Species Recognition in Middle Miocene Hominoids

  • Lawrence B. Martin
  • Peter Andrews
Part of the Advances in Primatology book series (AIPR)


This chapter addresses the issue of species recognition in fossil samples. The particular example that is examined is the extensive collection of dental and gnathic remains from the middle Miocene locality at Paşalar, Turkey. This site is unusual in that available sedimentological and taphonomic evidence indicate that it was accumulated extremely rapidly and from a very localized area (Al-pagut et al., 1990a; Andrews and Alpagut, 1990; Andrews and Ersoy, 1990; Bestland, 1990), so that the mammalian fauna is comparable to a museum collection of modern animals made from one locality. In fact, the fauna may be sampled from within 3–5 km of the site, which would include only a few hundred meters of altitude at most. The sediments may have been deposited in hours or days, so that the temporal range of the fauna is determined by the period of predepositional skeletal preservation. Therefore, it might be anticipated that a species at Paşalar might be less variable than modern comparative samples collected from a variety of geographical localities. The Paşalar sample thus provides an unusual opportunity to examine analytical methods that may be used to determine species numbers in such an assemblage.


Sexual Dimorphism Fossil Record Middle MIOCENE Species Recognition Incisal Edge 
These keywords were added by machine and not by the authors. This process is experimental and the keywords may be updated as the learning algorithm improves.


Unable to display preview. Download preview PDF.

Unable to display preview. Download preview PDF.


  1. Abel, O. 1902. Zwei neue Menscenaffen aus den Leithakalkbildungen des Wiener Beckens. Sitzungsberichte der Akademie der Wissenschaften. Mathematisch-Naturwissenschaftliche Classe 111:1171–1207.Google Scholar
  2. Alpagut, B., Andrews, P., and Martin, L. 1990a. Miocene Paleoecology of Paçalar, Turkey, in: E. H. Lindsay, V. Fahlbusch, and P. Mein (eds.), European Neogene Mammal Chronology, pp. 443–459. NATO ASI Series A: Life Sciences Vol. 180. Plenum Press, New York.CrossRefGoogle Scholar
  3. Alpagut, B., Andrews, P., and Martin, L. 1990b. New hominoid specimens from the Middle Miocene site at Paşalar, Turkey. J . Hum. Evol 19:397–422.CrossRefGoogle Scholar
  4. Andrews, P. J. 1978. A revision of the Miocene Hominoidea of East Africa. Bull. Br Mus. (Nat. Hist) (Geology) 30(2):85–224.Google Scholar
  5. Andrews, P. 1981. Species diversity and diet in monkeys and apes during the Miocene, in: C. B. Stringer (ed.), Aspects of Human Evolution, pp. 25–61 Taylor and Francis, London.Google Scholar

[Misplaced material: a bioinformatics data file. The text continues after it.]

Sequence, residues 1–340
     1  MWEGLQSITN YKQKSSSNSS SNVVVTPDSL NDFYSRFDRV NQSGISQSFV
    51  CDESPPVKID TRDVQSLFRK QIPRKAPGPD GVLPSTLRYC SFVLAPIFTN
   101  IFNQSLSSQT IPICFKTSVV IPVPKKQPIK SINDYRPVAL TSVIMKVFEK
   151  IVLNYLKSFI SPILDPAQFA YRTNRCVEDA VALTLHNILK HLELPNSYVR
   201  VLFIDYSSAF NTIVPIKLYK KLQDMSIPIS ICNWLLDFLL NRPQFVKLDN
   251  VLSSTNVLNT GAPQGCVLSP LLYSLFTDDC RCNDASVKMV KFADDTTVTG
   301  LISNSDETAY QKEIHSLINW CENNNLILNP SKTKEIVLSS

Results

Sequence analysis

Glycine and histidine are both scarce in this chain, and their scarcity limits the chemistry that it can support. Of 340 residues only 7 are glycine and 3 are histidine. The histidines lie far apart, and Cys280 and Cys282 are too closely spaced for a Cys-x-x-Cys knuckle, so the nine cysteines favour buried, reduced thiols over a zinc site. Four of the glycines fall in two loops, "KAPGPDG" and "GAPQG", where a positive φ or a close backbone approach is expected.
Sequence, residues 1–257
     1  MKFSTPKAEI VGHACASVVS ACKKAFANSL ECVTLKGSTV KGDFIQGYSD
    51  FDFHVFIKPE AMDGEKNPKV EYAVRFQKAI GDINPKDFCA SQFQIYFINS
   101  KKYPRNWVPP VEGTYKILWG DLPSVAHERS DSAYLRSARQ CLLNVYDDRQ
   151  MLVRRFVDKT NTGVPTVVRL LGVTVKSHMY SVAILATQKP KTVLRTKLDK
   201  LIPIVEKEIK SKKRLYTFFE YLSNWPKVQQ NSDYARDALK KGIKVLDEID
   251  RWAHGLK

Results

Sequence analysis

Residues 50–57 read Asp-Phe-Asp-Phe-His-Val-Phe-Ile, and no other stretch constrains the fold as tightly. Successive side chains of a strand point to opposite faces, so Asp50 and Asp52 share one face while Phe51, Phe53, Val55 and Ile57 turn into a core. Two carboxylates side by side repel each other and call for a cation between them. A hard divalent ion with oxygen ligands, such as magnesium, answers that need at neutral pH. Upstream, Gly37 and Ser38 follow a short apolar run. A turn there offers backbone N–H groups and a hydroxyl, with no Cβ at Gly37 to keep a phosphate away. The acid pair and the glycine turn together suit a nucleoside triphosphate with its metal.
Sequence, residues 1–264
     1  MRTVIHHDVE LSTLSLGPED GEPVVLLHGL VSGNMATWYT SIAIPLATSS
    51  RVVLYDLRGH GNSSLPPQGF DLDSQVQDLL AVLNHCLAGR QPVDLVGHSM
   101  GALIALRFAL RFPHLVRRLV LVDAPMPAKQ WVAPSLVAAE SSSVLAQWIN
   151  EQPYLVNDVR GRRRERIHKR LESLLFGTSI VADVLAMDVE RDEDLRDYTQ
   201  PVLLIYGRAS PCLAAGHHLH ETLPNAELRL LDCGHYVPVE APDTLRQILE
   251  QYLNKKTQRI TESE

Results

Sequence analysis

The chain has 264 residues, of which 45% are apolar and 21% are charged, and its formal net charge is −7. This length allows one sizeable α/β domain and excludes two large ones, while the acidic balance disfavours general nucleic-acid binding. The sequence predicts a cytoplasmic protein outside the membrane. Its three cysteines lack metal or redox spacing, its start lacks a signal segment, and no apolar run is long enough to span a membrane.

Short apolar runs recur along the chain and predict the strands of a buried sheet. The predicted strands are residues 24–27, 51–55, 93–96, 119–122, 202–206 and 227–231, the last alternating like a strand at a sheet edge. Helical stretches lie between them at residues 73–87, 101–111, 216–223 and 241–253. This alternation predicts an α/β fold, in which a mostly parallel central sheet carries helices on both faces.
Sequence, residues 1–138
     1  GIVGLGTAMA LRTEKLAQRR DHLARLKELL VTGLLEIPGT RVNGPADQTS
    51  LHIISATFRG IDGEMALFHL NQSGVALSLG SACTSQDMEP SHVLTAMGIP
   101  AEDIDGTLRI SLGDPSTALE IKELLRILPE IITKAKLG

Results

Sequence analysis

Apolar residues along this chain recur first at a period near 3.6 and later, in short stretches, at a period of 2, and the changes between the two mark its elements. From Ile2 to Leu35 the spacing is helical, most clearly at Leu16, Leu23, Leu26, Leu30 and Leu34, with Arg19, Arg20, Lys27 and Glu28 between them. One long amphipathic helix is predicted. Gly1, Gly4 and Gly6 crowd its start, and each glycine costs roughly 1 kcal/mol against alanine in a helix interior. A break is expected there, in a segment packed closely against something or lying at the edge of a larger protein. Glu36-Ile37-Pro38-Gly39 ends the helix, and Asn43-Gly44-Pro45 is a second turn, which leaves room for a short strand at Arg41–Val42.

6. Andrews, P. 1990. Palaeoecology of the Miocene fauna from Paşalar, Turkey. J. Hum. Evol. 19:569–582.CrossRefGoogle Scholar
  7. Andrews, P., and Alpagut, B. 1990. Description of the fossiliferous units at Paşalar, Turkey.J. Hum Evol. 19:343–361.CrossRefGoogle Scholar
  8. Andrews, P., and Cronin, J. E. 1982. The relationships of Sivapithecus and Ramapithecus and the evolution of the orang-utan. Nature 297:541–546PubMedCrossRefGoogle Scholar
  9. Andrews, P., and Ersoy, A. 1990. Taphonomy of the Miocene bone accumulations at Paşalar, Turkey. J Hum. Evol. 19:379–396.CrossRefGoogle Scholar
  10. Andrews, P. J., and Martin, L. 1987. The phyletic position of the Ad Dabtiyah hominoid. Bull. Br. Mus. (Nat. Hist.) (Geology) 41(4):383–393.Google Scholar
  11. Andrews, P., and Martin, L. 1991. Hominoid dietary evolution. Philos. Trans R. Soc. Lond 334:199–209.CrossRefGoogle Scholar
  12. Andrews, P., and Tobien, H. 1977. New Miocene locality in Turkey with evidence on the origin of Ramapithecus and SivapithecusNature 268:699–701PubMedCrossRefGoogle Scholar
  13. Andrews, P., Lord, J. M., and Nesbit Evans, E. M. 1979. Patterns of ecological diversity in fossil and modern mammalian faunas. Biol. J. Linnean Soc. 11:177–205.CrossRefGoogle Scholar
  14. Bestland, E. A. 1990. Sedimentology and paleopedology of Miocene alluvial deposits at the Paşalar Hominoid site, Western Turkey. J. Hum. Evol. 19:363–377.CrossRefGoogle Scholar
  15. Cope, D. A. 1989. Systematic Variation in Cercopithecus Dental Samples. Unpublished Ph.D. dissertation, The University of Texas at Austin.Google Scholar
  16. Cope, D. A., and Lacy, M. G. (1992). Falsification of a single species hypothesis using the coefficient of variation: A simulation approach. Am. J. Phys. Anthropol. 89:359–378.PubMedCrossRefGoogle Scholar
  17. Flynn, L. J., Pilbeam, D., Jacobs, L. L., Barry, J. C., Behrensmeyer, A. K., and Kappelman, J. W. 1990. The Siwaliks of Pakistan: Time and faunas in a Miocene terrestrial setting.J. Geol. 98:589–604.CrossRefGoogle Scholar
  18. Garn, S. M., Lewis, A. B., Swindler, D. R., and Kerewsky, R. S. 1967. Genetic control of sexual dimorphism in tooth size. J. Dent Res. 46(5, Suppl.):963–973.PubMedCrossRefGoogle Scholar
  19. Gingench, P. D. 1974. Size variability of the teeth in living mammals and the diagnosis of closely related sympatric fossil species. J. Paleontol. 48:895–903.Google Scholar
  20. Gingerich, P. D. 1985. Species in the fossil record: concepts, trends, and transitions. Paleobiology 11:27–41.Google Scholar
  21. Gingerich, P. D. 1987. Evolution and the fossil record: patterns, rates, and processes. Can. J. Zool. 65:1053–1060.CrossRefGoogle Scholar
  22. Gingerich, P. D., and Schoeninger, M. 1979. Patterns of tooth size variability in the dentitions of primates. Am. J. Phys. Anthrop. 51:457–466.PubMedCrossRefGoogle Scholar
  23. Greenfield, L. O. 1979. On the adaptive pattern of “Ramapithecus”. Am J. Phys. Anthropol. 50:527–548.PubMedCrossRefGoogle Scholar
  24. Groves, C. P., Westwood, C., and Shea, B. T. 1992. Unfinished business: Mahalanobis and a clockwork orang. J . Hum. Evol. 22:327–340.CrossRefGoogle Scholar